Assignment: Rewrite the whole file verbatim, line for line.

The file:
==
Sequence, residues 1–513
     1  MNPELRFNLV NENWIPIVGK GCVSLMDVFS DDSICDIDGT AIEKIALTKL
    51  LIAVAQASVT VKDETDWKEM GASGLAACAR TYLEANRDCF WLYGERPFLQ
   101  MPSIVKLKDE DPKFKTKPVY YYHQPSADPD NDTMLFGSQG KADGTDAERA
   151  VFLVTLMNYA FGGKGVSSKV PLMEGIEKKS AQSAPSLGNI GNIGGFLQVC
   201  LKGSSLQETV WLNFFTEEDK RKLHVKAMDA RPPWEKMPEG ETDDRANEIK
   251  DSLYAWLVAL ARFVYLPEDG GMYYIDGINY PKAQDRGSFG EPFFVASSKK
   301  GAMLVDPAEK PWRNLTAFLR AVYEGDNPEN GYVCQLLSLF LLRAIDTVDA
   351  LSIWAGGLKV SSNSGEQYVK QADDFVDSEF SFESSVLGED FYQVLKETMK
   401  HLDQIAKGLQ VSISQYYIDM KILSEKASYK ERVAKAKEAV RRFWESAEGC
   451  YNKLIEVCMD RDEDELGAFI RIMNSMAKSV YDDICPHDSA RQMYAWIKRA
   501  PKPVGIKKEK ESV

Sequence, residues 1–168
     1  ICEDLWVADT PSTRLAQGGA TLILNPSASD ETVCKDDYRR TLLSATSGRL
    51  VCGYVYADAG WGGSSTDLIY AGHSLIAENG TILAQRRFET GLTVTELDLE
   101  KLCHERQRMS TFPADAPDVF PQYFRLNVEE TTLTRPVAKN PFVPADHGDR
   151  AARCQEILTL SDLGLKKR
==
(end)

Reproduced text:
Sequence, residues 1–513
     1  MNPELRFNLV NENWIPIVGK GCVSLMDVFS DDSICDIDGT AIEKIALTKL
    51  LIAVAQASVT VKDETDWKEM GASGLAACAR TYLEANRDCF WLYGERPFLQ
   101  MPSIVKLKDE DPKFKTKPVY YYHQPSADPD NDTMLFGSQG KADGTDAERA
   151  VFLVTLMNYA FGGKGVSSKV PLMEGIEKKS AQSAPSLGNI GNIGGFLQVC
   201  LKGSSLQETV WLNFFTEEDK RKLHVKAMDA RPPWEKMPEG ETDDRANEIK
   251  DSLYAWLVAL ARFVYLPEDG GMYYIDGINY PKAQDRGSFG EPFFVASSKK
   301  GAMLVDPAEK PWRNLTAFLR AVYEGDNPEN GYVCQLLSLF LLRAIDTVDA
   351  LSIWAGGLKV SSNSGEQYVK QADDFVDSEF SFESSVLGED FYQVLKETMK
   401  HLDQIAKGLQ VSISQYYIDM KILSEKASYK ERVAKAKEAV RRFWESAEGC
   451  YNKLIEVCMD RDEDELGAFI RIMNSMAKSV YDDICPHDSA RQMYAWIKRA
   501  PKPVGIKKEK ESV

Sequence, residues 1–168
     1  ICEDLWVADT PSTRLAQGGA TLILNPSASD ETVCKDDYRR TLLSATSGRL
    51  VCGYVYADAG WGGSSTDLIY AGHSLIAENG TILAQRRFET GLTVTELDLE
   101  KLCHERQRMS TFPADAPDVF PQYFRLNVEE TTLTRPVAKN PFVPADHGDR
   151  AARCQEILTL SDLGLKKR